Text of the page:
Whip It is shot to be bright and colourful, like the roller derby itself, with relatively high contrast, and a mostly soft minded lighting scheme. This Blu-ray’s 1080p transfer is presented in 2.40:1 widescreen, which sometimes looks a little too tight to me. Artistic framing choices aside, this is a solid transfer with only a few minor inconsistencies in clarity. The overall film is slightly yellow in hue, which leads to some minor noise and grain in darker scenes, but the overall composition is very clean, featuring only a fine grain overlay, which is hard to notice for the most part. The blacks are deep, solid and deep, and cut subtly against the brighter hues, which pop effectively throughout the film. It’s hard to not appreciate all the neon costumes and decorative derby lighting schemes. Small details include colourful strands of hair, intricate tattoos, and Alia Shawkat’s teeny-tiny facial freckles, and they’re all plenty sharp, as are the wide angle details of the derby track, and the choice sights of Austin, Texas. It’s not quite a reference quality disc, but there’s nothing to complain about either.

Whip It

Audio


Whip It doesn’t quite live up to the rock and roll atmosphere of the roller derby, but this DTS-HD 5.1 Master Audio track doesn’t feature any obvious errors or shortcomings beyond a general lack of stuff going on. The majority of the track is either clear and even center channel dialogue and incidental effects, or light surround and stereo ambience. The derby scenes are the most obvious moments of aural excess, but even these are mostly a central assault, with a few directional movements, and a solid bass presence in the rolling thunder of those skates. The source music, including lots of punchy pop and punk rock, is mixed a little lower than I’d prefer in most cases, especially when it becomes the dominant sound element, but there’s no complaining about the actual sound clarity. The music is devoted mostly to the front three channels, even during the live music scenes, which scores a few rear channel echo effects. The movie scores huge points with me personally for ending with my favourite Young M.C. song, ‘Know How’.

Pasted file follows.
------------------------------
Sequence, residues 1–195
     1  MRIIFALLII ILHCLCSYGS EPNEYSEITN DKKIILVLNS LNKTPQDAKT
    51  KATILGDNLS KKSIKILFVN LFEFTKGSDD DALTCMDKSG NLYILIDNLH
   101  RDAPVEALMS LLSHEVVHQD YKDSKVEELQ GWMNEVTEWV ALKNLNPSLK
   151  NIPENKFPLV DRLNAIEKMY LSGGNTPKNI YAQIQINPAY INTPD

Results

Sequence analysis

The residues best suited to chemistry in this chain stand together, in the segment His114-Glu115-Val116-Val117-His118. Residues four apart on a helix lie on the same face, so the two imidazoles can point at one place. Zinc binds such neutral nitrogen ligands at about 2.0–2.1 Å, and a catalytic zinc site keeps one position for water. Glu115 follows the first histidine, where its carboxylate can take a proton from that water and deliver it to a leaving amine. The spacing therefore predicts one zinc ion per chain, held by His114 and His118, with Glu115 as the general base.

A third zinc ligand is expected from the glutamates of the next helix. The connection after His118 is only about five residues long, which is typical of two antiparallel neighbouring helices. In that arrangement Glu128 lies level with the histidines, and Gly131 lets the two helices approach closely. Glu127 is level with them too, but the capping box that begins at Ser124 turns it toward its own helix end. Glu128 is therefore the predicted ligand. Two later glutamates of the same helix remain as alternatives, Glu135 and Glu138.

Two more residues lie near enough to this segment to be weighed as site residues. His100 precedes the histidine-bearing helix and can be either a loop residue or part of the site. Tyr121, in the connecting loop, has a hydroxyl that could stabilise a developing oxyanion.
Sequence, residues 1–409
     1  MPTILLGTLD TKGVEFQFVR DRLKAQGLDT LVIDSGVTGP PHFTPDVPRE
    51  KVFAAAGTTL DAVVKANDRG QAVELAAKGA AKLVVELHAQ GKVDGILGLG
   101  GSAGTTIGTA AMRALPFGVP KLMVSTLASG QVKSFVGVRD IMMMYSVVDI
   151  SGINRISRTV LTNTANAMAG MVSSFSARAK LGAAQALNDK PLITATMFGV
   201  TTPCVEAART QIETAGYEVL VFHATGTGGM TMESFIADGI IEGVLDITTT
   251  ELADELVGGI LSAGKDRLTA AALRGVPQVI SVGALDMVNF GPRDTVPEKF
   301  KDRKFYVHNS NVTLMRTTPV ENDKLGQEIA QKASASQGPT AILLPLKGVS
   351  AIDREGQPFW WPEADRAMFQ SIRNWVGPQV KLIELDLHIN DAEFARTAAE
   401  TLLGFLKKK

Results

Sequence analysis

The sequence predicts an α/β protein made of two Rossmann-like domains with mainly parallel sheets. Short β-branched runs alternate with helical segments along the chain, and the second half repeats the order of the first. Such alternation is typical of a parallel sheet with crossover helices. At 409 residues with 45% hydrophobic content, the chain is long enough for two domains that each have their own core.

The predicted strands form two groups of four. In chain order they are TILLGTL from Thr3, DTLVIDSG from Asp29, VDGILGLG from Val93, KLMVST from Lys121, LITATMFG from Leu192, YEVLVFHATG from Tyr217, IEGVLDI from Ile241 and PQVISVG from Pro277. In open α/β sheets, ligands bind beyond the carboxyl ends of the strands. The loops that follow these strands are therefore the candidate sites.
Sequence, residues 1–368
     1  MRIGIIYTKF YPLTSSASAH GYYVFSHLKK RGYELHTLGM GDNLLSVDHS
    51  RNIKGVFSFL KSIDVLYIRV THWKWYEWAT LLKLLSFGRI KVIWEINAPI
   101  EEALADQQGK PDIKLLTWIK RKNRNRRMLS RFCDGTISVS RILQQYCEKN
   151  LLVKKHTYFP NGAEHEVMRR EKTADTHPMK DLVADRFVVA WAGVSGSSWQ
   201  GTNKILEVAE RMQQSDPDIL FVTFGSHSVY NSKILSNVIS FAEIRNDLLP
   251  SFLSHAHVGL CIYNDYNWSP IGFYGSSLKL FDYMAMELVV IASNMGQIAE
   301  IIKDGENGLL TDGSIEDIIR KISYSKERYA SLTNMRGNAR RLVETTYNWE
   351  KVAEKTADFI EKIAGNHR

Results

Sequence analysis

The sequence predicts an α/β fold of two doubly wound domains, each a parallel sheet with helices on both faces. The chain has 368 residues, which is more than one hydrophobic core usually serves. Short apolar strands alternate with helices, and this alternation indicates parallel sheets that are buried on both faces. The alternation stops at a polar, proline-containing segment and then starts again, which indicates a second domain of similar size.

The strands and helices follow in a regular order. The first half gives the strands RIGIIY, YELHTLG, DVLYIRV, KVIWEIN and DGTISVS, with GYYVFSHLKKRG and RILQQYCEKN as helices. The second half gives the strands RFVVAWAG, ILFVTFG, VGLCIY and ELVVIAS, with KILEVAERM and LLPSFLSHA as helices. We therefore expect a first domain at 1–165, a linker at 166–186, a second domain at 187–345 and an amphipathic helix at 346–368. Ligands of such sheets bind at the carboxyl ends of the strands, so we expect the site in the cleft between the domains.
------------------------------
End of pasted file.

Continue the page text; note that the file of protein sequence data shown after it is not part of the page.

Whip It

Extras


I would’ve enjoyed a cast commentary with this particular disc, simply because the cast seems to be having so much fun during the brief blooper montage at the end of the film, but alas, Barrymore doesn’t even go it solo here. The brief extras start with a series of nine deleted/extended scenes (16:10, HD). These are more of the extended variety, and mostly just fill in some character moments. They add a bit to the supporting cast (especially Alia Shawkat and Andrew Wilson), but nothing really to the story as a whole. ‘Fox Movie Channel Presents Writer’s Draft: Shauna Cross’ (3:00, SD) is a very short look behind the script with the writer, made to show between movies on the Fox Movie Channel. Things end with an ad for the original soundtrack release, and other Fox trailers.

Whip It

Overall


Whip It is an assured directorial debut from actress Drew Barrymore, but it’s only as good as its cast and characters. The script is a mish-mash of every underdog story you’ve ever seen, and is thusly incredibly predictable, but it’s perfectly entertaining and relatively endearing. The Blu-ray release looks very clean and colourful, and sounds good enough, if not a little low on volume, but the extras are disappointing, consisting of only a handful of deleted scenes and some promotional material. I suppose the menu system is at least cool, but fans will likely be disappointed with the lack of commentary and behind the scenes featurettes.